SantaCon: From Anarchist Mob to Bro Holiday, A Case Study in Countercultural Erasure
SantaCon is today, folks. What started as a tentacle of San Francisco’s anarchist street theater is now a holiday for Bros and everyone else. What does this mean for subcultures, in general, or does it have no meaning at all?
As I aimlessly wandered through the Lower East Side, on my treasured psychogeographical perambulations, or on my dérive as the Situationists termed it, a red cloud drifted into my periphery. Groggy from a night of serious drinking, stomach aching from the residual convulsions of mulled wine, beer and bourbon, stewed in Pho broth and garlic paste, wondering when the gas build-up would commence, I had quite simply forgotten that it was December 10th.
SantaCon was here.
Those red hats. The artificial bellies and beards. Those bronzed blondes dressed as elves or in children’s pajamas. White, shiny teeth on All-American faces, congregating in red blobs around bars and streaming through the city’s arteries.
I thought about the pagan origins of Christmas; how the birth of Christ was superimposed on Saturnalia so as to not upset the heretical masses of Rome. And then I thought of the origins of SantaCon and my mind wound back toward recent subjects such as Emmett Grogan of the Diggers and the concept of the Free City; of Abbie Hoffman and Jerry Rubin of the Yippies; of each group’s various spawn. My mind then shifted to thoughts of Discordianism, Macalypse the Younger and Robert Anton Wilson and the idea that was Project Mindfuck.
If we trace SantaCon to its origins, it really begins with Discordianism on the one hand and Grogan and his friends and associates on the other. From the Diggers and the Free City grew the Free School Movement, a phenomenon of the late ’60s. We proceed thence to 1977 and the inception of The Suicide Club, a secret society that engaged in anarchist pranks, various forms of street theater and urban exploration (a type of psychogeography).
17 years after its founding, The Suicide Club inaugurated SantaCon on the streets of San Francisco. The Suicide Club would also spawn The Cacophony Society, of which “Fight Club” author Chuck Pahlanuik is a member. The event was imbued from the beginning with an anti-consumerist, anti-status quo flavor.
However, as with almost any counter-cultural specimen, SantaCon was co-opted by people outside the subculture(s) that incubated it. Surrealist and Dada works, created because of a revulsion with the dominant culture, can now be found in the mansions of millionaires and in the shrines that are museums. Works once deemed pornographic, such as James Joyce’s “Ulysses,” are now elevated to the status of literary classics.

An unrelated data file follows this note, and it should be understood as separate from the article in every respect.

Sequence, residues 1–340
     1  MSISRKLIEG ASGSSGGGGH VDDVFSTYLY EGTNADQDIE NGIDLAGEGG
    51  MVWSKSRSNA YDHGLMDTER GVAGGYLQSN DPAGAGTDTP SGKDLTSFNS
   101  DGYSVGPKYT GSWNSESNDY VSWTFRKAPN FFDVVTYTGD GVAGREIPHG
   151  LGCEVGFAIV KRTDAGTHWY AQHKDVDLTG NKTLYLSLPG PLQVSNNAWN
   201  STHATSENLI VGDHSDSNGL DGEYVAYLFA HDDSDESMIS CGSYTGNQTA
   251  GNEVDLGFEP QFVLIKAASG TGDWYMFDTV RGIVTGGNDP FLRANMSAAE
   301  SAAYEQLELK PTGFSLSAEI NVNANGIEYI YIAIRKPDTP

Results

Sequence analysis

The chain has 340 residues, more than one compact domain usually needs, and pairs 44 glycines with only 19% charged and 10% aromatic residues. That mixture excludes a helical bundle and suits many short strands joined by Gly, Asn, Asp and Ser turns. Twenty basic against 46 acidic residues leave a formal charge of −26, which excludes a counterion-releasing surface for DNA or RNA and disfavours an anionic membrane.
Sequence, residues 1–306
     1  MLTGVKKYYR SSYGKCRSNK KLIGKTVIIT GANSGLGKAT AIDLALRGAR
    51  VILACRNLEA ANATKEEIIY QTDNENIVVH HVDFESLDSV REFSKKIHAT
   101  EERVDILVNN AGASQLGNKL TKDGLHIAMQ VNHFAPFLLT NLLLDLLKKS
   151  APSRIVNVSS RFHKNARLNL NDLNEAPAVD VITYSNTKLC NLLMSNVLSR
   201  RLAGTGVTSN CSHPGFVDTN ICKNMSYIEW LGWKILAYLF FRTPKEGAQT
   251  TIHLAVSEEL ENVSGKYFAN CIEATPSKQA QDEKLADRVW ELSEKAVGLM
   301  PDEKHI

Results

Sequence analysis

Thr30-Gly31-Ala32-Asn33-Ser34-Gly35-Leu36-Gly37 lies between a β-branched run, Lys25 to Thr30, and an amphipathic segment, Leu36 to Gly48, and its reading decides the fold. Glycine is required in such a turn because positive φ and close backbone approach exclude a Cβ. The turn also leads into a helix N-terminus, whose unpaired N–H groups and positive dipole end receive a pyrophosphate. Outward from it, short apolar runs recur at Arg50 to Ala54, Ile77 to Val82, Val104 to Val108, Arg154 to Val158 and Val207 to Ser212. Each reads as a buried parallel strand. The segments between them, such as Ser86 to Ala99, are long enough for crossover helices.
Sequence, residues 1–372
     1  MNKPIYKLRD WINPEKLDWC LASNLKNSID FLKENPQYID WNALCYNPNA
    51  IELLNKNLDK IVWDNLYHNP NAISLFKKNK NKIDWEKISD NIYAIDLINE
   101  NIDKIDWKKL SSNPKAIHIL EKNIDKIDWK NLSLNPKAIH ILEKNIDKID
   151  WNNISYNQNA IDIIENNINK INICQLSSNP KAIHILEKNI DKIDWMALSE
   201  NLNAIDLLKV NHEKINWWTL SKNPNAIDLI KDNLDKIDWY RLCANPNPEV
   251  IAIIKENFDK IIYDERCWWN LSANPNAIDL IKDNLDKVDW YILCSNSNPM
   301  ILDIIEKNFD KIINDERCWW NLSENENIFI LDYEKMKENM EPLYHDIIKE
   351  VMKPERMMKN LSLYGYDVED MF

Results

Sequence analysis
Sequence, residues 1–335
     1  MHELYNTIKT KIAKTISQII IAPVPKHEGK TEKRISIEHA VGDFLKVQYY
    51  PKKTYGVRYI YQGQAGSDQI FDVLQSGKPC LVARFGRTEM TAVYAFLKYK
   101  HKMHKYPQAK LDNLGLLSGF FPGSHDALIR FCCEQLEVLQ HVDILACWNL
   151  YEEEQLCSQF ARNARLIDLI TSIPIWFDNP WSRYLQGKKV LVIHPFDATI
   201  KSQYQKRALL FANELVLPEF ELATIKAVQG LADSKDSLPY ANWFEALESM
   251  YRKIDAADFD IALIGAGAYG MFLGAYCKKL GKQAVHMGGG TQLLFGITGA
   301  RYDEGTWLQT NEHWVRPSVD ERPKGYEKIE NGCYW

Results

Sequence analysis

And so, as I drifted through the streets, past hundreds upon hundreds of SantaCon participants, I was at once encouraged by such a popular embrace of what was anarchist, subversive culture, and equally disheartened when I overheard the conversation and saw the gesticulations of its participants.
You see, I was educated (more or less) at the fine school of University of Wisconsin-Madison, which is known for its rowdy, eternally-soused student population, but perhaps even more so for the variety of student there—that is, the pleasure-seeking, careerist, cum-depositing bro. (I wrote about UW in the article “Bonfire of the Vampire“.) And one can spot these folk long after they’ve left the hallowed halls of college for the workplace. And, though I had always harbored subversive interests (my family and teachers will vouchsafe this)—owing no doubt to an early introduction to Surrealism by way of the Pixies and David Lynch—at a university such as my alma mater, one was quite easily drawn into such mindless behavior. It involves a sort of controlled schizophrenia, which comes in hand later in life when one has to don a multitude of masks in various social situations.
Thus, my radar for SantaCon’s participants is keen, though it really does not demand too critical a gaze to conclude that the event has lost nearly all its anarchist and subversive ingredients.
But, does this matter? Should we care that it grew beyond its initial nexus?
SantaCon, quite simply, could not help itself. From the beginning, it had all the capacity of becoming viral because its symbol, Santa, is so pervasive a figure and such a powerful consumerist advertisement, that it was always going to penetrate the dominant culture.
And, yet, embedded within its appropriation into the upper reaches of public awareness, of the status quo, is the surrealist, anarchist, prankster fingerprints of everyone from Tristan Tzara, The Diggers and Guy Debord to the Discordians, Robert Anton Wilson and Thomas Pynchon.
As such, there is a reverse co-option at play that counteracts, though does not nullify, SantaCon’s cultural mainstreaming.
Nevertheless, it has certainly undergone a symbolic erasure along the way which has rendered it largely meaningless, not unlike New Year’s Eve. Then again, wasn’t that the point of SantaCon from the very beginning?
[Image via Gothamist]